Cut Seedlings and the Potential Culprits – Vegetable Crops Hotline

Cut Seedlings and the Potential Culprits

Each year we get several reports of seedlings being cut at or near the base of the plant/soil surface. The critter who gets the blame most often is cutworms. And that makes sense because the damage is in the name. However, with closer inspection, it seems that the blame can often be misplaced. There are other organisms, many of which have a backbone, that may be the culprit. Here we will review cutworm identification and discuss other possible causes for cut seedlings.

Cutworm diversity and biology

The black cutworm (Figure 1) is our most commonly found species in field crops In Indiana, but we also have dingy, claybacked, and variegated cutworms.

Black cutworm larvae

Figure 1. Various sizes (ages) of black cutworm larvae (Photo by John Obermeyer).

So, how do you tell the difference, and does it really matter? Timing and the type of damage caused can give clues to the species. Black cutworms do not overwinter in the Midwest. We monitor their arrival every spring with pheromone traps. Once they arrive in large numbers (intensive captures), we begin predicting their development and subsequent damage with heat unit accumulations. To stay up to date on black cutworm trapping information, subscribe to the Purdue Extension Entomology Pest & Crop Newsletter. While trap catches are high as of late, there have not been enough heat units accumulated this spring for black cutworms to get 1/2 to 3/4 inches long, that being the size where they cut plants.

Dingy cutworm

Figure 2. Dingy cutworm larva (Photo by John Obermeyer).

The other three species of cutworms that can be found in Indiana include the dingy (Figure 2), claybacked (Figure 3), and variegated (Figure 4). The dingy cutworm, probably the second most common species, is primarily a leaf feeder and will rarely cut plants, and if it does, the cutting is above the ground. The dingy and claybacked cutworms overwinter as partially grown larvae. Therefore finding cutworms 3/4 of an inch or more at this time would likely point to these species. Given that many of the reports we receive on potential cutworm damage occur in high tunnels, there is always the possibility that some of the other species may be overwintering in that habitat or that their development could be accelerated because of increased heat units. High tunnels always make things a bit messy when it comes to pest biology!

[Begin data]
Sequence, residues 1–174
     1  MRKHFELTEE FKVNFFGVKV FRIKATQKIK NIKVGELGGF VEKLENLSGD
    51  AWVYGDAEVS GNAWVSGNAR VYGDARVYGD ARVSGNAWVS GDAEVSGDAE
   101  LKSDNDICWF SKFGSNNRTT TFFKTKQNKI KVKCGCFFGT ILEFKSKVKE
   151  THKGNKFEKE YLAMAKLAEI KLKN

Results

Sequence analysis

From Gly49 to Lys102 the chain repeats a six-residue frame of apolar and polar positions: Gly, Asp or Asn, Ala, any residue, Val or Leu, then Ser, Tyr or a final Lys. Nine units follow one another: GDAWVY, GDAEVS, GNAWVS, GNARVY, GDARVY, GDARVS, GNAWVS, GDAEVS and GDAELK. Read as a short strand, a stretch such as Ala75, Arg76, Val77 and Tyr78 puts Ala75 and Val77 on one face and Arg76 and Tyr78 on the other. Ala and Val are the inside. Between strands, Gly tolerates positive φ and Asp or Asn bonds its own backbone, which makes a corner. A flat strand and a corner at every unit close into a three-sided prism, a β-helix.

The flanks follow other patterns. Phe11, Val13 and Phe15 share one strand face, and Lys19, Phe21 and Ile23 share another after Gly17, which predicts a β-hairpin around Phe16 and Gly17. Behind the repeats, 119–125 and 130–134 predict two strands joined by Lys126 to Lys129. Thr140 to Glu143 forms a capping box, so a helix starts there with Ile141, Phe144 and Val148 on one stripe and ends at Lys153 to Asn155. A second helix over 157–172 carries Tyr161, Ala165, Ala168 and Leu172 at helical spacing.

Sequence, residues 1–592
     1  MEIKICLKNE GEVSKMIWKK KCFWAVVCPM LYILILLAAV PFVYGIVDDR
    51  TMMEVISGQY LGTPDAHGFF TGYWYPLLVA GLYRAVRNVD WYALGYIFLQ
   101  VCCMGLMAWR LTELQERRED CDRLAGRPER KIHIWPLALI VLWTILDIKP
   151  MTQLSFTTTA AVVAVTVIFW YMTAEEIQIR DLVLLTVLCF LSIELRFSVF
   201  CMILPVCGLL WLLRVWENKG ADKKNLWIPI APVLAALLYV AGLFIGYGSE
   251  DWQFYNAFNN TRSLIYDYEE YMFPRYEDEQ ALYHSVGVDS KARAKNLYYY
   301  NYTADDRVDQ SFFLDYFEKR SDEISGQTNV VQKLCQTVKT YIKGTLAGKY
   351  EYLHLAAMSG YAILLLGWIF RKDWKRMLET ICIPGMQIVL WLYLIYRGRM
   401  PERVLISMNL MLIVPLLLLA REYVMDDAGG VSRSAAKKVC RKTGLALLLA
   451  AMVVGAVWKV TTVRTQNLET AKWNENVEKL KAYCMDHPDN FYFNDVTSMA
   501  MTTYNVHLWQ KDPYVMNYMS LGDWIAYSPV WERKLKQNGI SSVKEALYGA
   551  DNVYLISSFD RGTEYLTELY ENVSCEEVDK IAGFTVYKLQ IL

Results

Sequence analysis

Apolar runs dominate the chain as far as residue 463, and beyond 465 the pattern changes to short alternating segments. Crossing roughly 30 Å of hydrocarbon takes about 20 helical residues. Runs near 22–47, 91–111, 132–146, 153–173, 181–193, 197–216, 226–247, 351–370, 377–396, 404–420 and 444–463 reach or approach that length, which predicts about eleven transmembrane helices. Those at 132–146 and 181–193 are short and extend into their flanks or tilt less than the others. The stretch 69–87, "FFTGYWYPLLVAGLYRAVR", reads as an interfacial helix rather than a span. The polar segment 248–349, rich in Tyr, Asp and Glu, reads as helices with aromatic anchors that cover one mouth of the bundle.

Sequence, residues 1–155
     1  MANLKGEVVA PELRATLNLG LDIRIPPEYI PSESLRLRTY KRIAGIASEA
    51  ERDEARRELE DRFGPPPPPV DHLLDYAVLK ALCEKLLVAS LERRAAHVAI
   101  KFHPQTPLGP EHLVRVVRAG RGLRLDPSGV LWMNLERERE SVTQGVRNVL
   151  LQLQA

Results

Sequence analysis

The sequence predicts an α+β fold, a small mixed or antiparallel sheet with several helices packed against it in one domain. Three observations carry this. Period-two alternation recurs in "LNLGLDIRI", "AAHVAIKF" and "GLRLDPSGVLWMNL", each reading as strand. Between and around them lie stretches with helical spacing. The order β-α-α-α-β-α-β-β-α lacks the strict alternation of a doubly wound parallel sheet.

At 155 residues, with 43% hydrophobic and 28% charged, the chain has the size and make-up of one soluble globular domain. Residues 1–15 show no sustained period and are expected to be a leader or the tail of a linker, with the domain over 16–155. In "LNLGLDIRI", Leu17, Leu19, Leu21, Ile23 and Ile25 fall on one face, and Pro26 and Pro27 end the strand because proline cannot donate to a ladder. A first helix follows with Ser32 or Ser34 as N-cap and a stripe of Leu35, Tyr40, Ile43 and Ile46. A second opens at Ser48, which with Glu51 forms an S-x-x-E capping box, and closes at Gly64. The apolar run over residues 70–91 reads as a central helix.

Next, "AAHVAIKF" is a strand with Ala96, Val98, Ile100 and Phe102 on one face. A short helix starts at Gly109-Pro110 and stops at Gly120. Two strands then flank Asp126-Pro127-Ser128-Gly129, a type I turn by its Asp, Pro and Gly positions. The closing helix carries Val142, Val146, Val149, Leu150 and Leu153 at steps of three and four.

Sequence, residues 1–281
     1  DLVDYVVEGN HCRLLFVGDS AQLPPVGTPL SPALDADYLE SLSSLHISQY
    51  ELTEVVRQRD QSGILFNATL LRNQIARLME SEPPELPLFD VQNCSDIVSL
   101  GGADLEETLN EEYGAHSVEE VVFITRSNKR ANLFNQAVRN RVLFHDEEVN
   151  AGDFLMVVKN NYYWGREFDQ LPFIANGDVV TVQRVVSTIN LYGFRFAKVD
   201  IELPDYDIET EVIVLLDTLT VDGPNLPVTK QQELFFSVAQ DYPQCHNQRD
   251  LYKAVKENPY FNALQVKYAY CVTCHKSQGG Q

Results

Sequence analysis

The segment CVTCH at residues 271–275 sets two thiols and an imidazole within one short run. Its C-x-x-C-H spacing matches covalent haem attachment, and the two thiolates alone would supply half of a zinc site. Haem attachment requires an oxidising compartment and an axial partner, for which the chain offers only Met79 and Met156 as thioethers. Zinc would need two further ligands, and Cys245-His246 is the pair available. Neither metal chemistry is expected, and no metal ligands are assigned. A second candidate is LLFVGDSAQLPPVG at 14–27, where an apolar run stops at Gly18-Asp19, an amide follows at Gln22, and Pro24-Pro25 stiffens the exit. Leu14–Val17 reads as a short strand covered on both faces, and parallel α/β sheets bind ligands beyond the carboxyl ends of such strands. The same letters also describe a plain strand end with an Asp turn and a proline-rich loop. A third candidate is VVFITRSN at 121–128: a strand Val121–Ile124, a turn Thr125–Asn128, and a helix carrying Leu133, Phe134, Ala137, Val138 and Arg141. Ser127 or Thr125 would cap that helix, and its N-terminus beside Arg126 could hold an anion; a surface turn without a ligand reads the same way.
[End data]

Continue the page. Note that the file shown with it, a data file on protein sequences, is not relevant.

Claybacked cutworm

Figure 3. Claybacked cutworm larva curled in the identifiable ‘C’” shape on a leaf (Photo by John Obermeyer).

Variegated cutworm

Figure 4. Variegated cutworm larva (Photo by John Obermeyer).

Cutworms are generalist feeders that readily eat a wide range of vegetable and fruit crops (Figures 5-6). Species like the black cutworm exhibit the characteristic snipping of young plants (seedlings and new transplants) right at the base of the stem where it emerges from the soil, leaving behind seedlings that appear to have been ‘cut down’, thus the name ‘cutworm.’ Most often, if the cut seedling is damaged by cutworms, you will find the top of the plant with herbivore damage near the root/stem. Occasionally cutworms will drag the top down into their burrow and continue to feed, but you should be able to find this under the ground cover if you are scouting often. In addition to early-season stem cutting and defoliation, cutworms can also cause damage later in the season. For example, we have seen cutworms feeding on ripening tomato fruit in high tunnels – an unpleasant discovery!

Cutworm larva emerging from the soil

Figure 5. Cutworm larva emerging from the soil to feed on a young pumpkin seedling (Photo by Liz Maynard).

Variegated cutworm larva and damage on tomato seedling

Figure 6. Variegated cutworm larva and damage on tomato seedling (Photo by John Obermeyer).

Other potential causes

There are other insects that occur in the soil and feed on dead/decaying plant material. These include beetle grubs (juvenile stage of beetles), crane fly larvae, millipedes, centipedes, worms, and other even smaller invertebrates. If you go digging in the soil, you will likely encounter some of these, which are typically not to blame for troubles with seedling establishment.

Rabbits are on the list of top contenders in my book. They have been detrimental in our high tunnel strawberry production but are too cute to get mad about (Figure 7). They are voracious little critters and will leave a clean-cut stem in their tracks. The plants are usually cut at a 45-degree angle up to about 2.5’ from the ground. Furthermore, when we suspect rabbit damage, there is very consistent plant removal, as if they just eat their way straight down the nicely planted rows.

Rabbit damage

Figure 7. Rabbits munching on the strawberry patch in the high tunnels at Meigs Horticulture Farm (Photo by Laura Ingwell).

Some of a rabbit’s favorite crops include peas, beans, lettuce, and beet leaves. In general, they avoid asparagus, cucurbits, solanaceous crops, corn, onions, and herbs. However, if there is not much available, they can’t be picky. Management can include exclusion, frightening devices like motion-activated sprinklers, repellents, and trapping depending on local laws.

Moles, voles, and mice are the remaining contenders. Mice leave nibble marks here and there, with signs of their feeding left behind in the form of mouse pellets, a contaminant for our produce growers. They don’t usually cause widespread destruction unless they are harvesting nest material. I witnessed this mess when they ate my master’s thesis trees off at the base and piled them into a neat little nest in the middle of the greenhouse. I have not seen reports of this happening with fruit and vegetable plants. Traps and baits are usually effective at controlling this group of pests.

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